A recent review characterised Phil Treloar as an enigmatic philosopher; one for whom clarity lies in the doing. An overview of the major “Works” in his compositional output will verify this observation. Treloar’s work has been, from the outset, visionary and devoted.  The rigours of Treloar’s compositional output is equally matched by his performing career. He has performed extensively with many of Australia’s premiere groups and individuals as well as with internationals and these in the ‘legit’, the jazz, and the improvisation genres. He has established a creative legacy that has, and will remain, beneficial for generations to come.

Phil Treloar’s guiding light is Collective Autonomy, a term he coined many years ago to signify his life-philosophy, while Primal Communication: Truth–Faith–Trust, continues to be his credo.  This year he turns seventy.

Phil's special guest will be Simone de Haan, an improvisor who has followed his own muse, delving into trombone sonics and group soundworlds with a rigour most might, at best, dream of. He has rendered state-of-the-art performances by composers that range from Brian Ferneyhough to John Cage to Luciano Berio.   In addition to having works written specifically for his virtuosic abilities as a trombonist, he has also commissioned many ensemble works for the express purpose of exploring the intersection where improvised and notated music meet. Crucial to this has been a focus on audience reception. Simone has toured internationally as a master teacher, soloist, chamber musician, and conductor. He has taught, inspired, guided, and encouraged young performers and budding creative artists, several of whom are now acknowledged as leaders in their chosen field. This year he returns to performing after an extensive break.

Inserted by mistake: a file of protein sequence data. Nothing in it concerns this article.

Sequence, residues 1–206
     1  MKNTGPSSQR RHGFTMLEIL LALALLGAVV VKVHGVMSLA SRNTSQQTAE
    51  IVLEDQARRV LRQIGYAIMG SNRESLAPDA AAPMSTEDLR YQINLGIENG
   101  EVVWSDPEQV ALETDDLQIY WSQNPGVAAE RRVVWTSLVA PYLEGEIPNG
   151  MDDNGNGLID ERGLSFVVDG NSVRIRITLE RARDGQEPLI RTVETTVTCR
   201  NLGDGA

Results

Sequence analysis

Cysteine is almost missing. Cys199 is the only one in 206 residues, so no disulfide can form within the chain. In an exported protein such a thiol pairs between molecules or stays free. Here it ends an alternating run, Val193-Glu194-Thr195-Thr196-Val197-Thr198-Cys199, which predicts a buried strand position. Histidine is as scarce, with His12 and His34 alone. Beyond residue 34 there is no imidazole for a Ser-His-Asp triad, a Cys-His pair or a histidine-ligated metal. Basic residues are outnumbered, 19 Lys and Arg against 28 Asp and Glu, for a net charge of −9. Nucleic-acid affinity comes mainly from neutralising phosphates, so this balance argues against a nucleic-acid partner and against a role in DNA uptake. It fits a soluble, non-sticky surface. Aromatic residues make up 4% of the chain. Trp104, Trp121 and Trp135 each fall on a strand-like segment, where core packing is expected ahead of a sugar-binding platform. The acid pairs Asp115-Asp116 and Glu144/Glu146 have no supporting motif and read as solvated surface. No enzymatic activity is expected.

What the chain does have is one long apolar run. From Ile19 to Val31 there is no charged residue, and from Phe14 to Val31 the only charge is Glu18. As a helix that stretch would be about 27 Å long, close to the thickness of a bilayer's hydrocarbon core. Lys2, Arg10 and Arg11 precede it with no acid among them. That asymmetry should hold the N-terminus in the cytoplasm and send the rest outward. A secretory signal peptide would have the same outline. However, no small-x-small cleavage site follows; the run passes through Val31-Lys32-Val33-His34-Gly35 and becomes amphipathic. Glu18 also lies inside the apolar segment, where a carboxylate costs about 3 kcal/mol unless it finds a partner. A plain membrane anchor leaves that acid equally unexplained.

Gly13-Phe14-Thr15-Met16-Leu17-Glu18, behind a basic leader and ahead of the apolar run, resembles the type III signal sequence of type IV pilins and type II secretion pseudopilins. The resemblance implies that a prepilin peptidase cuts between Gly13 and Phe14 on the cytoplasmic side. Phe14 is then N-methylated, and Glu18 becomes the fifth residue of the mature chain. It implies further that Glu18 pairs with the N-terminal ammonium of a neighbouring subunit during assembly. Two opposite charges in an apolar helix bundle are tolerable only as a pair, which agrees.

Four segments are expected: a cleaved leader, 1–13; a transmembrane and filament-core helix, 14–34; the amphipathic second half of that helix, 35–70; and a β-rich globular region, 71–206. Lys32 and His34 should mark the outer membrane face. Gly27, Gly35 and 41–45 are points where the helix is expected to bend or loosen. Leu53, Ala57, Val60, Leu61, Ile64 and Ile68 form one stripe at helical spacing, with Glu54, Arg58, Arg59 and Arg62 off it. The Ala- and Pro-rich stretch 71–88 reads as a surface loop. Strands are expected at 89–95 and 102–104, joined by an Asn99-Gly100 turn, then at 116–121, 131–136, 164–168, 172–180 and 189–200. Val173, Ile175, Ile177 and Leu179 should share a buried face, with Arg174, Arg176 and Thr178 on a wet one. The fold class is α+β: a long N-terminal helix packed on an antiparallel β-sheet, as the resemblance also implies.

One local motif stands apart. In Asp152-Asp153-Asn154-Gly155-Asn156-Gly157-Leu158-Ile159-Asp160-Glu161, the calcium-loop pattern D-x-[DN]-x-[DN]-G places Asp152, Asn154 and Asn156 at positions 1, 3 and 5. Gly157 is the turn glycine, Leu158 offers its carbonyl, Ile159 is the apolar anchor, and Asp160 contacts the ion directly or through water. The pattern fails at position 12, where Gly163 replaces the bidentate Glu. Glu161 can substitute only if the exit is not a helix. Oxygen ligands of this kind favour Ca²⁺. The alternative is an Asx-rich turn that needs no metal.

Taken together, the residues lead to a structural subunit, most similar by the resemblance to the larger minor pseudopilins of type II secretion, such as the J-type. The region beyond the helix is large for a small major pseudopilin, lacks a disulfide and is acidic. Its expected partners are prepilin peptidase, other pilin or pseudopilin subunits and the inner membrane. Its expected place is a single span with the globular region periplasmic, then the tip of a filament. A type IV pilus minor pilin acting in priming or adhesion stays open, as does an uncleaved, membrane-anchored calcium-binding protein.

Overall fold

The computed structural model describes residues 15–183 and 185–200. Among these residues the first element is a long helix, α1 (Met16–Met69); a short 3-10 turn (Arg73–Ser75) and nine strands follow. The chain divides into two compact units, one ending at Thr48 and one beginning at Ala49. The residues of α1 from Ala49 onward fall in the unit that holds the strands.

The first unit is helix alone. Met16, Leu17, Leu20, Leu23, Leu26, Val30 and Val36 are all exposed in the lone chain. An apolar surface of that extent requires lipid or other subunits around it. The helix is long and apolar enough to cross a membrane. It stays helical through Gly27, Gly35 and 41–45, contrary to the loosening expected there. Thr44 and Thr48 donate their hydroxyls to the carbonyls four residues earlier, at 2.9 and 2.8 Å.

Phil has composed a new work for solo trombone, and a new work for the duo.  In addition they will each perform a solo improvisation, and a duo improvisation.

James McLean, a young musician from Melbourne, has already made a substantial contribution to creative music in Australia having recently committed to disc landmark accounts with Mark Hannaford and James Macauley among others.

Composer/Performer, Phil Treloar, has a creative history in Australian music that dates back to the early 1970s as co-founder of the benchmark Jazz Co/Op and from then, a continuous stream of exploratory initiatives through to the present.

Dispositions is the name James and Phil have given to their newly established collaboration; one planted firmly in egalitarian soil. Fundamentally a duo which investigates spontaneous possibilities to be experienced in performance, they explore their respective compositional interests to includes other like minded individuals as situations arise. Recent recipient of an Australia Council Grant, Dispositions will record in December this year and on this occasion extend their collaborative cast to include the artistry of saxophonist, Scott McConnachie, and bassist, Sam Pankhurst. Concert performances in Melbourne and Brisbane are also scheduled for December. Meanwhile, Dispositions, September 3 at Colbourne Ave, promises to whet the creative appetite for more in the future.